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37 dogs rescued from suspected dogfighting ring are ready for adoption in Washington

The dogs were seized in December. The shelter says all the dogs have been friendly, loving and sociable since arriving at the shelter.

TACOMA, Wash — Thirty-seven dogs that came into the Humane Society for Tacoma & Pierce County from a suspected dogfighting ring are now up for adoption. 

KING 5's Christin Ayers got an exclusive first look at the progress the dogs have made since they were seized in December. 

When the shelter took over the care of the dogs, most of them were malnourished and terrified. 

“They did come to us malnourished and they were scared,” said Tacoma Humane Society spokesperson Victoria Gingrey. But Gingrey said in two months’ time, the dogs have come full circle.

“These dogs are lovely. They're very friendly. They're very social,” she said.

The dogs range in age from a few months old to five years old. They are all pit bulls. 

Gingrey said all of the dogs have been evaluated by the Humane Society and were deemed adoptable after hours of observation and enrichment.

Any prospective adopter will need to fill out an application with the Humane Society for Tacoma & Pierce County. A comprehensive background check will also be conducted.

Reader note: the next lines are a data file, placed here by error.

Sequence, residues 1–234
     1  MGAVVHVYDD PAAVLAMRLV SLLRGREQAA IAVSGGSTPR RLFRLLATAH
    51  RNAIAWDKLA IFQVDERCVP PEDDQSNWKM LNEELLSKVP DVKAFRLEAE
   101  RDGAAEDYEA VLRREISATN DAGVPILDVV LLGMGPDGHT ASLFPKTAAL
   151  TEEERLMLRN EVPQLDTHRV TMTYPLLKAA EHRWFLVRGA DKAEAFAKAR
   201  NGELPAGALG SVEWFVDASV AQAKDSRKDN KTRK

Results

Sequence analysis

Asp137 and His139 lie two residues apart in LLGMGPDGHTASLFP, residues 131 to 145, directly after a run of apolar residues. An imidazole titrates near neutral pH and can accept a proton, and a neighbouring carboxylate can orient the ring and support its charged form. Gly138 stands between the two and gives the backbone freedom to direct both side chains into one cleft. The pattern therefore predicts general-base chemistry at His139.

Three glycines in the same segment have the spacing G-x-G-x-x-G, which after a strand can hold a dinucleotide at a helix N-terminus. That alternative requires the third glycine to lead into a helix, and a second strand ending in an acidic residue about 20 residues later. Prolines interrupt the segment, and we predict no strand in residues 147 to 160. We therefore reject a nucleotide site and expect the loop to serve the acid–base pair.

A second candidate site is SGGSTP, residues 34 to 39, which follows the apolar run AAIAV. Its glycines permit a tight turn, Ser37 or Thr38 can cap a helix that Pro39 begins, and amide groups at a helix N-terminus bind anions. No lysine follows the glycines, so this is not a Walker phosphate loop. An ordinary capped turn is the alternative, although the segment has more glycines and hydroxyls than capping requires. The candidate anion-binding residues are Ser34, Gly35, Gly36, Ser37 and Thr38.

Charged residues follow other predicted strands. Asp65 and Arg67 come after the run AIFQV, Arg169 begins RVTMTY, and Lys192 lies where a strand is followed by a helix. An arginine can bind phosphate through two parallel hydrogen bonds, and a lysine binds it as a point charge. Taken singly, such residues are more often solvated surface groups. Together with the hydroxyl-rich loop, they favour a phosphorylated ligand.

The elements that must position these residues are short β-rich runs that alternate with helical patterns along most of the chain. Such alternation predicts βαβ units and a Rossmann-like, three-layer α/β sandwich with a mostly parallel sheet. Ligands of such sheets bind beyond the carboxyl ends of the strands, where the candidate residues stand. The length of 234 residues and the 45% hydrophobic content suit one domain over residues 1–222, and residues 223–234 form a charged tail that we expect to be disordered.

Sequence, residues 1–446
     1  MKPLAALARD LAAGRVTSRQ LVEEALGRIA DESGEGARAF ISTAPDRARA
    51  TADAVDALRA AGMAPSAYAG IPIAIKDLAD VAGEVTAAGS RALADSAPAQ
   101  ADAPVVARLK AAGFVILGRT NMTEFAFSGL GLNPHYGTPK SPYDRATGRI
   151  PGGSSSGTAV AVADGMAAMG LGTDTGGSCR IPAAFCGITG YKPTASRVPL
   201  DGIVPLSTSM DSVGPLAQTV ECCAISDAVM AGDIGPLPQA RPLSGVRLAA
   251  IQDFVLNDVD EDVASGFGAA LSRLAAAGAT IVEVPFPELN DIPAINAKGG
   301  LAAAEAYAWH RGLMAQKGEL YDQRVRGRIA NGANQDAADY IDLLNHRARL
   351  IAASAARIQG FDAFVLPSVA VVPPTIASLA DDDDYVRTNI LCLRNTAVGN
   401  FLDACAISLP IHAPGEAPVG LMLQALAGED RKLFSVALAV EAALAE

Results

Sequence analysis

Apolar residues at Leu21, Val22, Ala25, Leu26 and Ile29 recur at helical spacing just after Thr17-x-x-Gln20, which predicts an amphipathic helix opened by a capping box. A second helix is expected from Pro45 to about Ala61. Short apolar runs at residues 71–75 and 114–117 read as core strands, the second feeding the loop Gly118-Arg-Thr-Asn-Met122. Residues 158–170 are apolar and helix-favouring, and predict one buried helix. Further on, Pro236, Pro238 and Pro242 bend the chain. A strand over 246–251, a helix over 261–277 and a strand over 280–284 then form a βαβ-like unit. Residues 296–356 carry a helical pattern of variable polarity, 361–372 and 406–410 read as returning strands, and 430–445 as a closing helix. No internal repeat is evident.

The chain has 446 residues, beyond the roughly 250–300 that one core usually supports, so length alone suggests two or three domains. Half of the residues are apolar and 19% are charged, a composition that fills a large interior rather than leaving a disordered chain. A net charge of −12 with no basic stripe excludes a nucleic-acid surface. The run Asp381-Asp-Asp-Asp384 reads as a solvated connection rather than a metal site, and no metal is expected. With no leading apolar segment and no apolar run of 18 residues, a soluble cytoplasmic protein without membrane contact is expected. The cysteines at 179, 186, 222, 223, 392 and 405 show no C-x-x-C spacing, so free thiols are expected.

The Humane Society began accepting adoption applications Thursday, and the dogs will be available once they have been spayed/neutered and standard medical care is completed.

RELATED: Adoptions free up space for Tacoma Humane Society following dog-fighting sting

A Pierce County judge ruled that a man arrested on suspicion of animal abuse and dog fighting will not get 49 dogs back that were confiscated from his Tacoma home.

In a ruling in January, Pierce County Judge Jeanette Lineberry called the conditions that the dogs were living in on Elmer Givens Jr.’s property “deplorable.”

“I'm not going to allow the return of the dogs to your care,” Judge Lineberry told Givens.

Animal Control Officer Kerry Bayliss told the judge a garage where Givens was keeping the dogs had an “overpowering” smell of urine and feces. Inside, she said dogs were caged, lying deep in their own feces.

Bayliss said most of the dogs were emaciated, and some had cigarette burns, pellet gun wounds, and scars on their faces and muzzles.

Givens had until the end of Tuesday to appeal the district court decision, and he did not, according to Pierce County Sheriff's Detective Ed Troyer.

RELATED: Pierce County man suspected of running pit bull fighting ring sues to get dogs back